BLM’s colorful and questionable auction

Sulphur stud, age 26

Sulphur stud, age 26

While fans of pretty horses are lining up and drooling, we were shaking our heads at the newly posted auction pages of the Bureau of Land Management’s Wild Horse and Burro program. As much as we like to advocate on behalf of the BLM and their exhaustive efforts, we’re chagrined to find old and intact mustangs in the upcoming Sulphur horse auction.

It begins April 21 and is the result of an emergency roundup, conducted this winter in southern Utah. The agency rounded up 101 horses from the Sulphur Herd Management Area in response to growing horse/vehicular motor traffic issues. The horses were pushing out of their designated space and crossing Highway 21 where last year three horses were killed, likely by collisions with vehicles, according to a report in the Salt Lake Tribune.

The Sulphurs, prized for their coloring and supposed lineage to Spanish conquistadors, now await their fate at the Delta, UT, facility. They include 26- and 25 year-old stallions. Eight studs with an average age of 19 are on the auction block.

whbprogram.-WidePar-000104-Image.WideParimage.2.2According to Gus Warr, head of the Utah’s Wild Horse and Burro program, Sulphur horses are some of the most popular. Private owners, breed organization representatives, and mustang sanctuaries are lining up, eager to raise their virtual paddles. High bids are expected, especially for the 26-year old grulla, who’s a stunner.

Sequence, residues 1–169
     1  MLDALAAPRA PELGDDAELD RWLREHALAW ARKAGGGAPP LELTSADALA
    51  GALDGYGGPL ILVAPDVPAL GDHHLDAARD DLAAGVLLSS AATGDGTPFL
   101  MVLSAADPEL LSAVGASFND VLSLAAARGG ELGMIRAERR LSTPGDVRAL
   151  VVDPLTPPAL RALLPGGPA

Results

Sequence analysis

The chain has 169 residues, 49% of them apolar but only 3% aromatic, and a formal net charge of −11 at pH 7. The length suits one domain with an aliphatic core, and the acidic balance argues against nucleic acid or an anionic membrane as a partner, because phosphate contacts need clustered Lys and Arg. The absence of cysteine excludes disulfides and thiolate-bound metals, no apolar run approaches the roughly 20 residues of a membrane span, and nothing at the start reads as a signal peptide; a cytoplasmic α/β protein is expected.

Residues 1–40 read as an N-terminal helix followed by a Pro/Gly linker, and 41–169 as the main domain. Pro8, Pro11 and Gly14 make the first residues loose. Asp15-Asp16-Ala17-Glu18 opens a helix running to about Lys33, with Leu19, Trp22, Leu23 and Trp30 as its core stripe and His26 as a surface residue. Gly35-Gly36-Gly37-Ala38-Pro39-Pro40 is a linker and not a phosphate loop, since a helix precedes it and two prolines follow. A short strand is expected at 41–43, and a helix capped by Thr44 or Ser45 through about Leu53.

NickerNews and BestHorsePractices wonder if the welfare of these horses is being served. Our points:

  • As any adopter can attest, even very young mustangs struggle as they adapt to domesticity. Horses can get hurt in transport, in captivity, and in training. It takes a long time and a patient, knowledgeable trainer/owner to succeed and not get hurt in the process. “The older the horse, the more challenging it gets,” said Warr.
Sulphur mare up for auction

Sulphur mare up for auction

In this setting, it’s hard to imagine a positive outcome for a 26-year old stud. Could he die or be injured in the process? Yes. Could he be used irresponsibly for breeding purposes? Yes. Could he hurt his handler? Yes. Warr said he hoped the senior grulla would go to a sanctuary. “That’d be perfect for him,” he said. But how would that work while he’s still intact? Most sanctuaries host mares and geldings only.

  •  Regardless of their pretty colors, the world does not need more mustangs. It needs less.  Currently, some 50,000 sit unwanted in holding facilities. Read more here.
  • Adopters’ fervent pursuit of Sulphur colors is naïve and misguided. As Delta facility’s manager, Heath Weber, told me last year, “You can get a colorful horse, but you may get a whole lot of crazy, too.” Even the BLM’s page on adoption considerations states: “Do not select a wild horse based on color or looks alone. Base your selection on your goals for the animal.”

What would the possible, attainable and responsible goals be for old, untouched mustang stallions?